Indie darling Lawrence of Belgravia, also of Felt and Go-Kart Mozart, was the victim of very bad timing when his poptastic Summer Smash was banned by the BBC in 1997. The titular onomatopoeia was considered too much given the sad circumstances of Princess Diana's death in a tunnel in Paris that summer. Denim weren't the only ones needing to make changes; Kylie Minogue's "Britpop-inspired" fifth album Impossible Princess was delayed until 1998 and had to be eponymously titled for a while because of the tragedy. In times of war, it has become common for a long list of tunes to be blacklisted; most famously, the first Gulf War saw Phil Collins's In the Air Tonight added to the list (because it might remind listeners of scud missiles).

Landing of the Daleks - The Earthlings

Reason for ban: Use of morse code

Proto-electronic outfit The Earthlings from Birmingham were inspired in 1965 by a hot new BBC science fiction show called Doctor Who. The BBC had no objections to the appropriation of the notorious extraterrestrial mutants from the series, but it did take issue with the broadcasting of an SOS in Morse code, which appears about two thirds of the way in. It was decided that the record might be broadcast at a later date if the code was in some way scrambled. Presumably it would have been fine post-1998 when Morse code as a way for ships to Mayday was replaced with a new satellite safety system, though by then it may have lost some of its relevancy.

Read more: 7 secret codes and ciphers hidden in music

Monster Mash - Bobby 'Boris' Pickett

Reason for ban: "Too morbid"

Massachusetts singer Bobby Pickett wrote novelty song Monster Mash in 1962 to spoof dance crazes such as The Twist and The Mashed Potato that were prevalent at the time. As a member of a club band called The Cordials, he'd penned the track with his band mate Leonard Capizzi, and he decided to adopt 'Boris' in his stage name in reference to the legendary horror film actor Boris Karloff who he impersonates throughout the record. With lyrics like "it was a graveyard smash", the BBC failed to see the funny side and banned the song for being "too morbid". Though it made No.1 on the Billboard charts in the year it was written, the offending novelty hit didn't chart in the UK until 1973, when it went to No.3.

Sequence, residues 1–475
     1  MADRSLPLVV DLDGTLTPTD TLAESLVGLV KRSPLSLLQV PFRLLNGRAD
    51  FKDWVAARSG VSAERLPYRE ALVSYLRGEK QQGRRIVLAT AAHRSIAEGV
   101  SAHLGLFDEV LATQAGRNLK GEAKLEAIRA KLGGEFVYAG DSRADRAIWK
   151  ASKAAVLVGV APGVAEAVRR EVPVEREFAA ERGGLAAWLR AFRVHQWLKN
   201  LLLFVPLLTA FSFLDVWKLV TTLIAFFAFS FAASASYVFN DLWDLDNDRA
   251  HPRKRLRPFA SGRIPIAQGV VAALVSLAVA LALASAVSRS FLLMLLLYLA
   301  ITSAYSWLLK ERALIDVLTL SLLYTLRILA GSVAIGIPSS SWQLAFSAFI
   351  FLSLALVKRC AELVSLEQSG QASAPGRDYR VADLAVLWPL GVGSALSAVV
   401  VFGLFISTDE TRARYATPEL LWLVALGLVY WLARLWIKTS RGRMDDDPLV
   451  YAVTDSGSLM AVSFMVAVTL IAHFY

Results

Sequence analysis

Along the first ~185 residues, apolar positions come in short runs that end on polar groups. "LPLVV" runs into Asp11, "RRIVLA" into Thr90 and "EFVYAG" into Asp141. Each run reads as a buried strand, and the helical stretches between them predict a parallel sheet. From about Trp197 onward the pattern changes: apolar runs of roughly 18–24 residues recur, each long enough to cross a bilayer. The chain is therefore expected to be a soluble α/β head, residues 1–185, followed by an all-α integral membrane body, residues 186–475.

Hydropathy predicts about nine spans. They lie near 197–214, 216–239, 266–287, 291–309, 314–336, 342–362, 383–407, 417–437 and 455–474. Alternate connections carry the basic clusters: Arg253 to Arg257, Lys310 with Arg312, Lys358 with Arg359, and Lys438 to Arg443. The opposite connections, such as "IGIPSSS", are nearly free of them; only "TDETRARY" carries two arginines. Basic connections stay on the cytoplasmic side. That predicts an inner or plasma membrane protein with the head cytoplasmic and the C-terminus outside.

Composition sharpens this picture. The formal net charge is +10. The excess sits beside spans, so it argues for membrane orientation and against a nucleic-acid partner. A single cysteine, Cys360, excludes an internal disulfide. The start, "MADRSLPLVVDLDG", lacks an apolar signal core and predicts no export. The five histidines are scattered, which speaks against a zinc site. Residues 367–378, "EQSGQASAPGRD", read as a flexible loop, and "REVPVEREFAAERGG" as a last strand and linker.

Sink the Bismarck - Johnny Horton

Reason for ban: Factual inconsistencies

Saga ballad specialist Johnny Horton followed up his biggest hit, 1959's The Battle of New Orleans, with another country-tinged historical tale featuring military drumming the following year. Sink the Bismarck from 1960 was a chart success despite the fact the committee frowned upon its historical inaccuracies, such as the claim the Second World War began in 1941 in the first line, and that the first pressing of the single spelled the name of the ship incorrectly (the sleeve carried the typo "Bismark"). After critics had panned the single, the BBC stopped playing it. Despite antipathy from the broadcaster, the song went to No.3 in the UK charts in May of that year, though Horton's luck was to be short-lived, as was his life: he was tragically killed in a car crash six months later, aged just 35.

Three Stars - Ruby Wright

Buddy Holly (centre), one of the Three Stars in Ruby Wright's song
Buddy Holly (centre), one of the Three Stars in Ruby Wright's song

Reason for ban: "Nauseating material"

Indiana country singer-songwriter Ruby Wright (not to be confused with the more famous Tennessee-born country singer Ruby Wright) squeezed into the Top 20 in 1959 with a song in tribute to Ritchie Valens, Buddy Holly and The Big Bopper, who had all died earlier that year in a plane crash. With the help of Cincinnati DJ Dick Pike, who provided mawkish spoken word during the verses, they paid tribute to the day the music died some 12 years before Don McLean. The BBC tended to frown upon death discs such as The Shangri-Las' The Leader of the Pack and Ricky Valance's Tell Laura I Love Her during the 50s and 60s, and behind closed doors it referred to Three Stars as a "nauseating piece of material".